September 3, 2002

In a pouring rain, Izzy watches a man throw his cigarette from a 1995 Jeep Wrangler.

Most days, Henry rode his bike to school. But it was raining a monsoon on the day after Labor Day, so I was on my way to give my youngest child a dry ride home in the minivan, thinking about how much empty space I was carting along by myself, spending down precious road bandwidth from the dwindling communal supply.

At a traffic light, I pulled alongside a young man driving a 1995 Jeep Wrangler with the top off, the rain pouring all over. He was smoking, which was some feat, given the downpour. He cupped the cigarette in his right hand, raising it to his mouth periodically and exhaling a cloud of smoke into the driving rain. As the light changed green, he threw the cigarette into the street.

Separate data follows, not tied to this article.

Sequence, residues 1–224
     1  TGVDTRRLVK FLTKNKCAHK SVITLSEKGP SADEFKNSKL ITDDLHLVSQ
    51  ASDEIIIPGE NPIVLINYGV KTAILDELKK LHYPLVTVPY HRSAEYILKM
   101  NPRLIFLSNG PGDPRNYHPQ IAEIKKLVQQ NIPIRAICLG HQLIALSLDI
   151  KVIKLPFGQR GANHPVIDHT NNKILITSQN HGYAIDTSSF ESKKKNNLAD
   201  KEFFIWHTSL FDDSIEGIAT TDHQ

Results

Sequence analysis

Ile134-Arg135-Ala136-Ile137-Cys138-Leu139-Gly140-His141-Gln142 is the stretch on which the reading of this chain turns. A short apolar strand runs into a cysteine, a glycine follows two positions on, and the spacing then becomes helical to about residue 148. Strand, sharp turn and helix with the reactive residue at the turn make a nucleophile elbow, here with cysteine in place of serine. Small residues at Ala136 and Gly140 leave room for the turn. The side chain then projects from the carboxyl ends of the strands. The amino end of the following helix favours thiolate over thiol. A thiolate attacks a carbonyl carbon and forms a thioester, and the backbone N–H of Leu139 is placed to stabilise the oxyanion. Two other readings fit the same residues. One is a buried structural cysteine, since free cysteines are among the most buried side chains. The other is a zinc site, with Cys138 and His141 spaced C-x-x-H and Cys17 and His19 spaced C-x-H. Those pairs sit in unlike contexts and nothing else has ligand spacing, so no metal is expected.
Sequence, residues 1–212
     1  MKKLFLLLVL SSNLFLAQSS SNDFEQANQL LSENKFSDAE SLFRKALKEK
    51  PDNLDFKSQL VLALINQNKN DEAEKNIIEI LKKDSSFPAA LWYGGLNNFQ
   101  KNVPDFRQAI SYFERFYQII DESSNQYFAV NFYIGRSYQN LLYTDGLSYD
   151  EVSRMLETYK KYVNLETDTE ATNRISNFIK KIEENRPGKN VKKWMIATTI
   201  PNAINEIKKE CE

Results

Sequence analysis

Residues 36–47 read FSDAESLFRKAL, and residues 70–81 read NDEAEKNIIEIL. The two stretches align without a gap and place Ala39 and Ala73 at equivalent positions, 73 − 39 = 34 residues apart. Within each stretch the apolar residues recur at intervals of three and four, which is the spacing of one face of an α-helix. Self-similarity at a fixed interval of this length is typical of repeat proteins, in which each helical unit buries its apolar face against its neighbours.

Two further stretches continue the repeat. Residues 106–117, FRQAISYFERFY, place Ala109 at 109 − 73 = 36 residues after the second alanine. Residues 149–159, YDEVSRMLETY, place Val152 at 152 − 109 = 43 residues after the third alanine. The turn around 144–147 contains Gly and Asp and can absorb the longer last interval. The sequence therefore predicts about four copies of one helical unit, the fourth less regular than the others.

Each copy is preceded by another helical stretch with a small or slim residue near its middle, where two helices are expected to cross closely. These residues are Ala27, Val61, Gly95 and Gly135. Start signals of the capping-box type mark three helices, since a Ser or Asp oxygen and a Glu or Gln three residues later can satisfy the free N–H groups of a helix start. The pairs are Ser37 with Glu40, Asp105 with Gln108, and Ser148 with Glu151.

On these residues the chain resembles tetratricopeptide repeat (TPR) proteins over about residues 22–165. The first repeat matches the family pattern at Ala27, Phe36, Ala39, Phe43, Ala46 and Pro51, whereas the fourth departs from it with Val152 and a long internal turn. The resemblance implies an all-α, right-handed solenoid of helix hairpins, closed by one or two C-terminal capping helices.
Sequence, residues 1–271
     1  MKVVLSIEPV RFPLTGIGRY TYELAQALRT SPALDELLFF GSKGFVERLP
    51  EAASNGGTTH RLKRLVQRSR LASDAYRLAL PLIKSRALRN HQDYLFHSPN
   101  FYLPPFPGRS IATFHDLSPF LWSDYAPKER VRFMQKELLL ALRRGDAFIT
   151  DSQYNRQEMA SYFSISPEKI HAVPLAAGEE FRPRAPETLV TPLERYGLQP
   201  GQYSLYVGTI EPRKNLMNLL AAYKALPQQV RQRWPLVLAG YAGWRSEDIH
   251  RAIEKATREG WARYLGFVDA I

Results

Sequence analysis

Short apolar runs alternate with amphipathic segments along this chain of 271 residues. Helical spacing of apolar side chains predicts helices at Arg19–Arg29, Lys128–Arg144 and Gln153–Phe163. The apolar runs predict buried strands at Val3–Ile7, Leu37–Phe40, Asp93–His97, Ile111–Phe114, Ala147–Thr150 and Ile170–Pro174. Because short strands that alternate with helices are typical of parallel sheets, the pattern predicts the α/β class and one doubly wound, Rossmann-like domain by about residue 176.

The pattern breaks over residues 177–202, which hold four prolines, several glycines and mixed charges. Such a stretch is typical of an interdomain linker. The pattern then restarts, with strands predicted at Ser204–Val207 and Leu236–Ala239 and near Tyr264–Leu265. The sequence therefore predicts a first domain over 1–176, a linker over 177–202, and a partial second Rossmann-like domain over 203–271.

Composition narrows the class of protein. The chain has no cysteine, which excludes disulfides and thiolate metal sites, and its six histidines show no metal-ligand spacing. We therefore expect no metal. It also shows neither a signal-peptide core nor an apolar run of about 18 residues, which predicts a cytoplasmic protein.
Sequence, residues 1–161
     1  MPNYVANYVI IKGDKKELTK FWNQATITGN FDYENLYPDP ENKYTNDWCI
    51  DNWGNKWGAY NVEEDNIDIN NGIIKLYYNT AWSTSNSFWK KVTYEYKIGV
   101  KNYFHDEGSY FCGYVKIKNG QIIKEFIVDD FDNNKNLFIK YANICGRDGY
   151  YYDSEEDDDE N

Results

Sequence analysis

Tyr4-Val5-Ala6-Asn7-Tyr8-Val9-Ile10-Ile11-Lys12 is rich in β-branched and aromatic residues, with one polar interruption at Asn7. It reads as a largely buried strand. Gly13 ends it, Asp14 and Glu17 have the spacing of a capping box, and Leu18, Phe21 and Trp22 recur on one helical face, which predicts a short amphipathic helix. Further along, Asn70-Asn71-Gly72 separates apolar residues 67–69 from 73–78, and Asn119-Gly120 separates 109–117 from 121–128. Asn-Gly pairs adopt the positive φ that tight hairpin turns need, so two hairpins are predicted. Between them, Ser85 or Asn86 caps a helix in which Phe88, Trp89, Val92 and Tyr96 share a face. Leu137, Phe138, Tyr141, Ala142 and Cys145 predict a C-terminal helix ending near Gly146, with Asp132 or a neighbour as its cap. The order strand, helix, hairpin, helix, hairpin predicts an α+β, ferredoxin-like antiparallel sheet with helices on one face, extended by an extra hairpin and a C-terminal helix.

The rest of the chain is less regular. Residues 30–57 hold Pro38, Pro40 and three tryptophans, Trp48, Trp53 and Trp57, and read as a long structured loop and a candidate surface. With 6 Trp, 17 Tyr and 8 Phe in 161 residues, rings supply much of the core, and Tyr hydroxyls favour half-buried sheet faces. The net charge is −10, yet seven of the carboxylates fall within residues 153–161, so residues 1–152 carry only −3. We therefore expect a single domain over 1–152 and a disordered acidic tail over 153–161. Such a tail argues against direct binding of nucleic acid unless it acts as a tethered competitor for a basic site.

This hardly seemed like littering. You can get so wet that it no longer matters what you do. Yielding to rain is a release from the narrow life, joining the will of insistent nature. Through most of our millennia here, people have gone about their business in the rain. But we have a lot more people now and very few caves.

As the Jeep drove off into the storm, I fetched the research log and jotted “ashtray flooded” as the likely cause for the flick. I reckoned I would be ordering bumper stickers soon.

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